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sounds entirely plausible, but one assumes the effect would be to see more extremes in both directions, in roughly equal numbers? Of course that might be happening, with the new record lows either being culled by reporting bias, or also being blamed on global worming.
Actually I guess the probe is always going to be playing catch-up with the air temperature. A true extreme will never be measured unless the probe is infinitely small or the temperature remains at exactly that extreme for a very long time (at least until the difference in temperature falls below the measurement error). That latter point might also affect the contention - measurement error was presumably much higher with mercury than modern probes. So I am no longer sure that I'd expect to see more extremes with modern equipment.
Or perhaps, due to the directional flow of heat, one is more likely to encounter small packets of warmer air than colder ones.
There's a followup by Warwick Hughes who received some expert feedback on the transition of temperature measurement technology.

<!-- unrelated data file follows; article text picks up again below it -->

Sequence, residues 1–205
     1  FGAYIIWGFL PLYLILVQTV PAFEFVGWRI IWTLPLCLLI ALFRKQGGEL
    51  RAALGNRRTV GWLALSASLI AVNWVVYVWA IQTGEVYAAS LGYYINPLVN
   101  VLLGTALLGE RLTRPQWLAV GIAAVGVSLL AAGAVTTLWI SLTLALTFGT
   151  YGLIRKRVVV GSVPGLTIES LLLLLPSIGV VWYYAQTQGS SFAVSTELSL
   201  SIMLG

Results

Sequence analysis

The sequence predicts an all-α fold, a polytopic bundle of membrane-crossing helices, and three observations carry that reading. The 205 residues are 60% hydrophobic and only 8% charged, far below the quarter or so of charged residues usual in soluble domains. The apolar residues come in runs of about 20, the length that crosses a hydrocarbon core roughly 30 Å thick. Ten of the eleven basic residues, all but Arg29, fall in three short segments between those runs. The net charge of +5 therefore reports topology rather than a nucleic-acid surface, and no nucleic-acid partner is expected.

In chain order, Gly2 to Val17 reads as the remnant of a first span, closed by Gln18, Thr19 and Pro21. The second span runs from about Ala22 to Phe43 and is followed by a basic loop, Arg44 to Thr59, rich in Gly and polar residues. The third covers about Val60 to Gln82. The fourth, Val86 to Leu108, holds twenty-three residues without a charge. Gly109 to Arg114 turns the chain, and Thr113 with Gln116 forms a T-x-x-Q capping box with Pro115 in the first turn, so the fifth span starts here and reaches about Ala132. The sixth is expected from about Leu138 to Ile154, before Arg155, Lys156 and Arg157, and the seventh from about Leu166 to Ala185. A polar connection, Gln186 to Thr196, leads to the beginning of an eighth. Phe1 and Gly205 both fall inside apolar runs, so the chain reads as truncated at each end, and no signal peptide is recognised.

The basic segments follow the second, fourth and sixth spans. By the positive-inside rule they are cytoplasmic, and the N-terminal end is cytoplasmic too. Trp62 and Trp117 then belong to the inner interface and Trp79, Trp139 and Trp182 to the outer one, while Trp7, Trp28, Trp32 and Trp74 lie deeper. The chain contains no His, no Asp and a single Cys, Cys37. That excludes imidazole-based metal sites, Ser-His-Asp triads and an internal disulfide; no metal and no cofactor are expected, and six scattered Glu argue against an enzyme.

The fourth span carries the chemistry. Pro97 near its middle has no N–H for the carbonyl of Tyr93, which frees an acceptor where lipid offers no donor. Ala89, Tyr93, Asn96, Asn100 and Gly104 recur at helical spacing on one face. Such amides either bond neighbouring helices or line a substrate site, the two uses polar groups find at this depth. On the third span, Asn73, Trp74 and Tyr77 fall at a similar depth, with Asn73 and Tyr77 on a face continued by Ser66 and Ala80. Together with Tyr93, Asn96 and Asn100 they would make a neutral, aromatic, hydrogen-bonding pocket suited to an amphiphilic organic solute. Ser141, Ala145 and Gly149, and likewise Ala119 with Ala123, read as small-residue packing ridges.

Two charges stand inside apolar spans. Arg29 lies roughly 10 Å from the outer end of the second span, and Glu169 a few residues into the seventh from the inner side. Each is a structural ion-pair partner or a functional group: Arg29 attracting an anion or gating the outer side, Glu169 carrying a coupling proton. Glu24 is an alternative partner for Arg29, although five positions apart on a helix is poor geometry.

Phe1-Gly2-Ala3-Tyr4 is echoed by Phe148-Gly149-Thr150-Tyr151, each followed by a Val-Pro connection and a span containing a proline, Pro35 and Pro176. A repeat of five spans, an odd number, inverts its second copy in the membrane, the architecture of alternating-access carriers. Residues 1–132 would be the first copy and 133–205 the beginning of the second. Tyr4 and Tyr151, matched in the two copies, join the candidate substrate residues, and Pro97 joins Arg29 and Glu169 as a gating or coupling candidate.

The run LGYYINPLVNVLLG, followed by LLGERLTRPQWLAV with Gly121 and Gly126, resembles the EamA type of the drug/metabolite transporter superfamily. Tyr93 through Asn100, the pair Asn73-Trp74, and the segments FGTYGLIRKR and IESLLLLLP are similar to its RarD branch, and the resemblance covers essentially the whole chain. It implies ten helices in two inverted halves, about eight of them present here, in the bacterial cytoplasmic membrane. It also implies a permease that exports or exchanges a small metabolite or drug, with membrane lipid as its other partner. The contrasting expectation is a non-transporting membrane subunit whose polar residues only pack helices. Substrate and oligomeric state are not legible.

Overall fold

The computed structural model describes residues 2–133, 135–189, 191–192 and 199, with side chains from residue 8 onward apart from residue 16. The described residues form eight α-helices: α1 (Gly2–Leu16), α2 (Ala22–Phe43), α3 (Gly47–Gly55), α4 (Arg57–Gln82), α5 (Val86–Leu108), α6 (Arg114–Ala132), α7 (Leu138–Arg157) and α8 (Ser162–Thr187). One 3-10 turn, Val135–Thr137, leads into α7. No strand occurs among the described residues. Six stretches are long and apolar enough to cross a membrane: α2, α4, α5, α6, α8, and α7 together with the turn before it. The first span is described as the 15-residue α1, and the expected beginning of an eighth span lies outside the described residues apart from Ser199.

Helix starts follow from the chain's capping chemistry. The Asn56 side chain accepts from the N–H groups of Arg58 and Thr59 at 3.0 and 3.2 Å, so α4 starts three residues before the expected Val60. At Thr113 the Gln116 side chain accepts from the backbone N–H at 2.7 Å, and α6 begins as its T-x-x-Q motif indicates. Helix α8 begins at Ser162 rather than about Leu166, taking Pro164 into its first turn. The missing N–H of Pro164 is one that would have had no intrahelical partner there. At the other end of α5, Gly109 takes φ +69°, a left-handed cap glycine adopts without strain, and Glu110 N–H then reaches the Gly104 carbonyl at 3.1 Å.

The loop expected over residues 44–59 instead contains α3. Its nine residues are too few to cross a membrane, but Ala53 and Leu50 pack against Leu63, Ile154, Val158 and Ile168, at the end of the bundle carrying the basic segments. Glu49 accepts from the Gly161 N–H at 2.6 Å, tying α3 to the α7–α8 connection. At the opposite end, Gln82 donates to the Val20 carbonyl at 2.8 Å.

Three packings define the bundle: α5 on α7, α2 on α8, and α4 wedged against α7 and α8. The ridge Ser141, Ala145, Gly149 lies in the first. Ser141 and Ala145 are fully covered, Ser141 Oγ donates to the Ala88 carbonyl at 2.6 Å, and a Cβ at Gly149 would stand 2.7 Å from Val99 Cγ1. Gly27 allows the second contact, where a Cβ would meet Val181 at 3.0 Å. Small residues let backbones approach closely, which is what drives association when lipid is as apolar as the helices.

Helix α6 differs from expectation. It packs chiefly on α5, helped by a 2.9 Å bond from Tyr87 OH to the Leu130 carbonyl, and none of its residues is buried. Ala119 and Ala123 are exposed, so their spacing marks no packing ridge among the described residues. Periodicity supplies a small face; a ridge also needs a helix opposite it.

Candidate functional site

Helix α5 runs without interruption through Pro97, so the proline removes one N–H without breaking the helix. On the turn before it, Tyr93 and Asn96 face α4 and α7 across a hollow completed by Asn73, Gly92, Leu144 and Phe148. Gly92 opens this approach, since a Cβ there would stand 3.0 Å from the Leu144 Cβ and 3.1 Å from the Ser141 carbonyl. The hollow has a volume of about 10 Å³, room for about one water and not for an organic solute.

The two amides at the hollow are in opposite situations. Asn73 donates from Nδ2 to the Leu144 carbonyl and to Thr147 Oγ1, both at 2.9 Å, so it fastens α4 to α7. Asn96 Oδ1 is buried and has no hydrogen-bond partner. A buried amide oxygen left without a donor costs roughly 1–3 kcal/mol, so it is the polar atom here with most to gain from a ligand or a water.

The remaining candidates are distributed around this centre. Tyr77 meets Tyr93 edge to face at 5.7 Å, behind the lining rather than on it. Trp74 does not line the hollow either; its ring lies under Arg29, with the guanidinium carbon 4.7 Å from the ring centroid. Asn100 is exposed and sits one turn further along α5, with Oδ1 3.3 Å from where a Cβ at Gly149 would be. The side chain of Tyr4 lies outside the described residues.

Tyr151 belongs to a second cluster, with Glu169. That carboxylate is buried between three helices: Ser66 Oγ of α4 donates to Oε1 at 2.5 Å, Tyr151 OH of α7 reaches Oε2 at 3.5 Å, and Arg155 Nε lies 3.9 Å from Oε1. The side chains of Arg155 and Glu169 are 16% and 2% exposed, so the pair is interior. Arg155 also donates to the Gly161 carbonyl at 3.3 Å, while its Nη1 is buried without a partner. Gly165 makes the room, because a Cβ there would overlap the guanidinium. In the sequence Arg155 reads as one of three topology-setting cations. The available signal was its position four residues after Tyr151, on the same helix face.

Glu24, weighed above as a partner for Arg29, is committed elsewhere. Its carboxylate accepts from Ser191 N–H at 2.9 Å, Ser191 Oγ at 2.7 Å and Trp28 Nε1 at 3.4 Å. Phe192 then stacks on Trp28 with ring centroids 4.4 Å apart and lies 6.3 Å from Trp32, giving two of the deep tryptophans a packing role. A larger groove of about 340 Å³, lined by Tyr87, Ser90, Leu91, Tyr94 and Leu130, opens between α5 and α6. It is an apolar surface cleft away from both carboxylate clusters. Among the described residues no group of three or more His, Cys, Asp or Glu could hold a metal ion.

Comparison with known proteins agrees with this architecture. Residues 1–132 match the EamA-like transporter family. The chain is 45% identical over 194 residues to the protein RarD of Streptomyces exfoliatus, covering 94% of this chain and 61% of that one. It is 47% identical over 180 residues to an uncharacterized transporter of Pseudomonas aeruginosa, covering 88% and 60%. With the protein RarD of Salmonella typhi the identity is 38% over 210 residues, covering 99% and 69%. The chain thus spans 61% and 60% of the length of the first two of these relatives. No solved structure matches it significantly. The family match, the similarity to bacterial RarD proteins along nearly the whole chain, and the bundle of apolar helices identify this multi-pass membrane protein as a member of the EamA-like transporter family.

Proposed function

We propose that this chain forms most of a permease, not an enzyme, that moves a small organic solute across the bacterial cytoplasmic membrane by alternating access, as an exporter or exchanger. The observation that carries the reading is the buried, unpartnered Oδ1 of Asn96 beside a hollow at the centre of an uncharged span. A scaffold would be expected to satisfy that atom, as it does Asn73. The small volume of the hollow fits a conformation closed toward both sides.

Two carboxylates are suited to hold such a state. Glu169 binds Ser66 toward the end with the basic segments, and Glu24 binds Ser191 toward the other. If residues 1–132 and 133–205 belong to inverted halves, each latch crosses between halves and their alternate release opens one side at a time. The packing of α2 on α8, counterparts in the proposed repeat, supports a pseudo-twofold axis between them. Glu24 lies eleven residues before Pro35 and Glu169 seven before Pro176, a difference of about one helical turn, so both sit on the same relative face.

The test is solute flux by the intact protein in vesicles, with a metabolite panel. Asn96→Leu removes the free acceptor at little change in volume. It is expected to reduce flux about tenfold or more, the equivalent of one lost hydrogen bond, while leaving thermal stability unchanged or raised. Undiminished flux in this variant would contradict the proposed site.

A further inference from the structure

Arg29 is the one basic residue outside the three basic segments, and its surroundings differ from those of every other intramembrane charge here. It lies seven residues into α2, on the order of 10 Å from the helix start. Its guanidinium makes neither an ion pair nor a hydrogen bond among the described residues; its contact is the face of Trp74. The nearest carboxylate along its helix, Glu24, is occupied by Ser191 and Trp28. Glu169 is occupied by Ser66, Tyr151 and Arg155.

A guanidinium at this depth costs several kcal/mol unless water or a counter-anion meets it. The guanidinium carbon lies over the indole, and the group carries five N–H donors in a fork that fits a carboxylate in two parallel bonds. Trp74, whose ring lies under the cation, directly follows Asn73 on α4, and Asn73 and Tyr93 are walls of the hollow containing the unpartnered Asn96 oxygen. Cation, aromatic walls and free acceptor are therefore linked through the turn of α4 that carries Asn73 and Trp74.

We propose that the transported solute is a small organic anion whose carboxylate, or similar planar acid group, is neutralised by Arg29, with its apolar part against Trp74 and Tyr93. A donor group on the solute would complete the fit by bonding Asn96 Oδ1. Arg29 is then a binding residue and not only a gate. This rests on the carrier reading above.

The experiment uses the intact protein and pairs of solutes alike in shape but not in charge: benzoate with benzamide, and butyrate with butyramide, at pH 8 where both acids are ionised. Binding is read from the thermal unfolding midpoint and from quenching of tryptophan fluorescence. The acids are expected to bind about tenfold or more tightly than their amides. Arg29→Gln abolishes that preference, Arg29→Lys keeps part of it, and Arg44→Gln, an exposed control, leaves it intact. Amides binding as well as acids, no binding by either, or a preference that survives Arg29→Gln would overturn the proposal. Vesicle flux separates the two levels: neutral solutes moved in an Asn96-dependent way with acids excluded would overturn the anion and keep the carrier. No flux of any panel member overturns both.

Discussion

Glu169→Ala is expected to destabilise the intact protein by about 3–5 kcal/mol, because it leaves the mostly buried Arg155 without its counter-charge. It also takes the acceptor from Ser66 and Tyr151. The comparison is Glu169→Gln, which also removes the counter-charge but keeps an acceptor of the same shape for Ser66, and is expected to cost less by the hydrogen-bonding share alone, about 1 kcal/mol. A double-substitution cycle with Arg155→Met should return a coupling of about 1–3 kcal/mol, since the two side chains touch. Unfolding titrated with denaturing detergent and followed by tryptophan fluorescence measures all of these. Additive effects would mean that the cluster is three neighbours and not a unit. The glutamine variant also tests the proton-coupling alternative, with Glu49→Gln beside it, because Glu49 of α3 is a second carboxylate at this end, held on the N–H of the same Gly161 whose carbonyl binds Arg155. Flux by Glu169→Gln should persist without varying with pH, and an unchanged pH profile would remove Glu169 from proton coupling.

His expert's response (in part) says:
The move to AWS and the concurrent shift of many sites from Town Post Office to airports is like a fault line through the Australian climate records. In many cases the site change is not registered in the data because both have the same station number. This fault line is papered over by the analysis of the data using GIS procedures – any analysis is based on the stations reporting for that day/month and does not require a continuity of record at the site. Thus the ‘Australian’ daily maximum, and other BoM published analyses represents the available data interpolated to grid points and then areal averaging the gridpoints, not the data. For most practical purposes this is OK; the problems arise when trends or new records are claimed!